Sunday, January 6, 2008
There have been a few pieces in the media recently that have caught my eye in regards to how we as a society look at death and dying. The Montreal Gazette published an opinion article with the title "What if we could choose our time to die?" The author, Hugh Anderson, writes the piece in response to letters from his previous piece about growing old. He never makes a strong statement about hastened death, but his title alone is provocative to start a few conversations.
What if we took our current concepts of medical care and instead had a very open approach to time of death, similar, for example, to our medical approach to time of birth. Time of birth used to be wholly a natural event, for better or for worse, but the advancement of modern C-sections, medicines & delivery techniques changed the natural prognosis (expected timing and medical outcomes) for births. What would our current system of hospice, palliative medicine, and intensive care units look like if in 1950 American society determined choosing the time of your own death was an inalienable right? I doubt if we took the quick road to death that the modern hospice movement would have evolved as it did. Would this change our approach to organ transplants as well? What other areas of medicine would be vastly different because of this massive social change? If there are any literary minded Pallimed readers who would be interested in doing some creative writing, we could collaborate on an alternate history of the approach to death in American society. Exploring alternate history is a wonderful tool for insight into current situations and values via taking what we hold as normal and turning it completely around. I think you could take this idea and explore it in various outcomes, from dytopia to utopia. Obviously movies like Soylent Green and books like The Giver explore some of the social ramifications of euthanasia, but a focus solely on our medical culture would be an interesting approach as well. (Disclaimer: Not endorsing hastened death, physician-assisted suicide or euthanasia, just using these examples to explore the deep intricacies of such a profound part of life. Besides, Hugh brought it up, not me. I can't help wanting to share some potentially provocative ideas. Great dinner conversation!)
Speaking of how society feels about death, the Supreme Court heard a potential landmark case (Baze v. Rees, 2008) today noting the 3-drug lethal injection (thiopental, pancuronium, potassium) is unconstitutional because of the potential for severe pain without the ability to identify it (secondary to the paralytic). You can read the transcripts of the oral arguments here for you legal junkies. What is interesting is to read some of the amicus briefs in support, opposition and neutral positions. The American Society of Anesthesiologists weighs in as well as heavyweight medical ethicists/palliativists Robert Truog, Bernard Lo, and Margaret Campbell (with fellow critical care providers and ethicists.) One of the arguments heard today for changing lethal injection is to co-opt the methods for hastened death in the Netherlands or Oregon, by using inordinately large amounts of barbiturates. How would this change the debate on physician assisted suicide if it was a similar clinical approach to capital punishment?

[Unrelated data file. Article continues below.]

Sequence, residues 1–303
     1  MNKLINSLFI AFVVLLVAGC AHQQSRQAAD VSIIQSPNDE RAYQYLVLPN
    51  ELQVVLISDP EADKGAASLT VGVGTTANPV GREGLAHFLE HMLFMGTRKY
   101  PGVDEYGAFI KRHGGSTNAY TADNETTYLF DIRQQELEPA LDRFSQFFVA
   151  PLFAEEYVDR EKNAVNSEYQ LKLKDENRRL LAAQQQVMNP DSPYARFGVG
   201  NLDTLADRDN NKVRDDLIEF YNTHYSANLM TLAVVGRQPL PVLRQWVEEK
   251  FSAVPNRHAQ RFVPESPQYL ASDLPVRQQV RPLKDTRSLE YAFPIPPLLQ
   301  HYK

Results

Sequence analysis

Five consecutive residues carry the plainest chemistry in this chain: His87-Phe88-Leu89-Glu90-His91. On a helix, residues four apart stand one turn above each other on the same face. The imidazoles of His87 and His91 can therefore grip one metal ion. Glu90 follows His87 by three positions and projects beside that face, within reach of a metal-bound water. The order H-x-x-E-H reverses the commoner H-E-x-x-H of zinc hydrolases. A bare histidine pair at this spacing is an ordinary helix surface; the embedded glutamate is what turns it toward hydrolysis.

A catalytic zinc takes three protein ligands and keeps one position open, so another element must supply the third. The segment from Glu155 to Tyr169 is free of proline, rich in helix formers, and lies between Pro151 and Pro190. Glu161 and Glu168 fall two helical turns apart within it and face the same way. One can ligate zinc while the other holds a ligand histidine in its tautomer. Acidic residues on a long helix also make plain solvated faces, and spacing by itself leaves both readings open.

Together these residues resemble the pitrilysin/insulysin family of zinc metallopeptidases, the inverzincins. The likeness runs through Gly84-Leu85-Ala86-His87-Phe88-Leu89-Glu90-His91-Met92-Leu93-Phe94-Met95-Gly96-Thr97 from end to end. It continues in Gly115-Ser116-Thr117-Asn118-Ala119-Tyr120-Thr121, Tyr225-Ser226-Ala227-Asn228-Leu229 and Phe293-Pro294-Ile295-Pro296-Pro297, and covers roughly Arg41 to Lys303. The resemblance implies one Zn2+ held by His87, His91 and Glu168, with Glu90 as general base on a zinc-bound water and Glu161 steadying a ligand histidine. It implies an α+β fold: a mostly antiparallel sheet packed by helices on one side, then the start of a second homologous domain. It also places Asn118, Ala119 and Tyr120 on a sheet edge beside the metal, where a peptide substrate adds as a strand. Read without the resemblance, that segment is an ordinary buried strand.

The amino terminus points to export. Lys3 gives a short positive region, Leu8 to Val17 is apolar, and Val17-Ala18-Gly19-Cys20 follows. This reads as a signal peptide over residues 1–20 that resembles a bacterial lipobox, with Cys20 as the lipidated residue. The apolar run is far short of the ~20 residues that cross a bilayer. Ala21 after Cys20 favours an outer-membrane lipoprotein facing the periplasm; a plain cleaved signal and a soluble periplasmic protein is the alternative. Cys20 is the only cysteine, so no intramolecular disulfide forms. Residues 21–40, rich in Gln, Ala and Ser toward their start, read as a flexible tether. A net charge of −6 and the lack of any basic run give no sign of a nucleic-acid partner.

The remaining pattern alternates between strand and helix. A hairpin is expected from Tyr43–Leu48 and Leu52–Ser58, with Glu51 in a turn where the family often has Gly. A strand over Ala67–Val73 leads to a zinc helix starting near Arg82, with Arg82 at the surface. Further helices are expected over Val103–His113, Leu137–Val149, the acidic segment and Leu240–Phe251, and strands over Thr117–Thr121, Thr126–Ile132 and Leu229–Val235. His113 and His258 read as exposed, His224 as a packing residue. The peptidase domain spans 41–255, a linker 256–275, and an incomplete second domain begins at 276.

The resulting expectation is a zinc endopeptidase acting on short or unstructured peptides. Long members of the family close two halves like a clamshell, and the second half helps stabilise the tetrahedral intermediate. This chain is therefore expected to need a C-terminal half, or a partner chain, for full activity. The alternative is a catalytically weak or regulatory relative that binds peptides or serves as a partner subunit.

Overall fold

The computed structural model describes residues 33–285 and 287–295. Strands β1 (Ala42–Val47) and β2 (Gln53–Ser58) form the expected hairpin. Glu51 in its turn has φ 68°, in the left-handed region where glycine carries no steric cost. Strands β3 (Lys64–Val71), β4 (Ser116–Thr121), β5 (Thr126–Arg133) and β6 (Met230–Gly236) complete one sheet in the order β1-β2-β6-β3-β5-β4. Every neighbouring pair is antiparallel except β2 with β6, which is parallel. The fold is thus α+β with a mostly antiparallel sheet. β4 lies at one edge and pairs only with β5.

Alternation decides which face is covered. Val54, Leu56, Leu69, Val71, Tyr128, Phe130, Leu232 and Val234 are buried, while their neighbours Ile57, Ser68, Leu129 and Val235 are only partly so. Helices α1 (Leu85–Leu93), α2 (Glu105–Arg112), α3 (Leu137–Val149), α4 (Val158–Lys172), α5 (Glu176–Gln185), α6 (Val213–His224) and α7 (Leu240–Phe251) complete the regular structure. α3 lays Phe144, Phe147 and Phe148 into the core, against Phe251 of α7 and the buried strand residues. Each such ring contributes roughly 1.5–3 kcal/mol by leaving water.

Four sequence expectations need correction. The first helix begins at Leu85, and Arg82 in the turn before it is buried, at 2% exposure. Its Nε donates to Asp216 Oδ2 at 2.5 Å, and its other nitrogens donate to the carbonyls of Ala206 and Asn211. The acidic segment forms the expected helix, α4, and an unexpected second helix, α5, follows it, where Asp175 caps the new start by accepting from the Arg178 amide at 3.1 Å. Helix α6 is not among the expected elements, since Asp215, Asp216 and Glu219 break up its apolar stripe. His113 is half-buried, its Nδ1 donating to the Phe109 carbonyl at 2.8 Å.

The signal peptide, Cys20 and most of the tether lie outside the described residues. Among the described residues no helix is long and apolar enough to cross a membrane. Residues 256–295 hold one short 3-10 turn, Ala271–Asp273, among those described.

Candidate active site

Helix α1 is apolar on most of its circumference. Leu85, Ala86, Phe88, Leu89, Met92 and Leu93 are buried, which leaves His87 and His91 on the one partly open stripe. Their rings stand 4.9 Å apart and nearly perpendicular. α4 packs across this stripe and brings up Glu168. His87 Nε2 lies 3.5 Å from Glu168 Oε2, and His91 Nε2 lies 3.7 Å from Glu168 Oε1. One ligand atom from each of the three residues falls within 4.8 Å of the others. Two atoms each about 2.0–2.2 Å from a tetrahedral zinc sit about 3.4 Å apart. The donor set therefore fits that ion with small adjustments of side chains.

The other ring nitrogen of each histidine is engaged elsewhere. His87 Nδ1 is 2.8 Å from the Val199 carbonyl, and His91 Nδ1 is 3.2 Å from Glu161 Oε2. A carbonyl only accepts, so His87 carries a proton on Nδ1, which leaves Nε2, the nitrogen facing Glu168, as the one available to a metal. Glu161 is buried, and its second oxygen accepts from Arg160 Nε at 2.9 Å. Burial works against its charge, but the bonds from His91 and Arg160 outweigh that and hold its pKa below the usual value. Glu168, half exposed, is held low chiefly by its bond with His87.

Wired Magazine had a recent article showing us that death is nothing we need to worry about because of some new miracle drugs that focus on our mitochondria. Some great quotes are found in the article from bench researchers:
"They die of natural death ....probably their heart stops to beat!" wrote Fontana of the rodents in his and other studies, which betray little evidence of the histopathological lesions -- tissue and organ damage or abnormality -- mentioned by Bartke. "The animal drops dead and we cannot really know why.... One expanation (sic) is the failure of the electrical conductive system of the heart because of metabolic alterations.... No pain, no suffering, no medical and social cost for society!"Well this post is already getting too long so I won't comment on the broad assumptions in the last part. Maybe it is because I fear I might lose my job if this comes true. But it did make me chuckle to think of how these little mice will change lifetimes of angst about death.
(wait until about 2 minutes in, there are some great lines here)
- Did not see much press (unfortunately) about Dr. Byock's initiative for Reclaiming the End of Life and discussing this with Presidential candidates at town hall meetings. Since the NH primary should soon be over and the last news report on the website is Sep 2007, we might not see more action from this until the Presidential election in November.
- Speaking of politics, political candidates are (sadly) bringing up the unfortunate case of the 17 year old who died while awaiting a liver transplant as a way to point out failures in our current medical system. While most media outlets seemed to pitch the most emotional part of the story ("A girl was denied a life-saving treatment by an evil insurance company"), Maggie Mahar at Health Beat does a great job of highlighting the complex ethical issues in this case that has some good teaching points for palliative care (prognostic accuracy, second opinions, goals of care, etc.) There were not easy answers in this case, and there are many tragedies here as well, which now seems to by devolving into finger pointing.
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